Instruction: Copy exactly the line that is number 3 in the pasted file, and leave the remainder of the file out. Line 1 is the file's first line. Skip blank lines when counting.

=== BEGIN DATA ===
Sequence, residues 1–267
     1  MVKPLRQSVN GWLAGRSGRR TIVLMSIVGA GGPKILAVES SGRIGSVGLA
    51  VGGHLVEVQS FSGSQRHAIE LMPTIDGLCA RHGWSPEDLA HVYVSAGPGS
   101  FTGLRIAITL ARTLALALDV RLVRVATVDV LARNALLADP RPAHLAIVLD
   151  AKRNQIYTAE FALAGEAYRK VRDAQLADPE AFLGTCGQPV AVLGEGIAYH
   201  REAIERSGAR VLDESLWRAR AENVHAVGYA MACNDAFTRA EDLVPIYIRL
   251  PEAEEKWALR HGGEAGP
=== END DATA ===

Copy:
    51  VGGHLVEVQS FSGSQRHAIE LMPTIDGLCA RHGWSPEDLA HVYVSAGPGS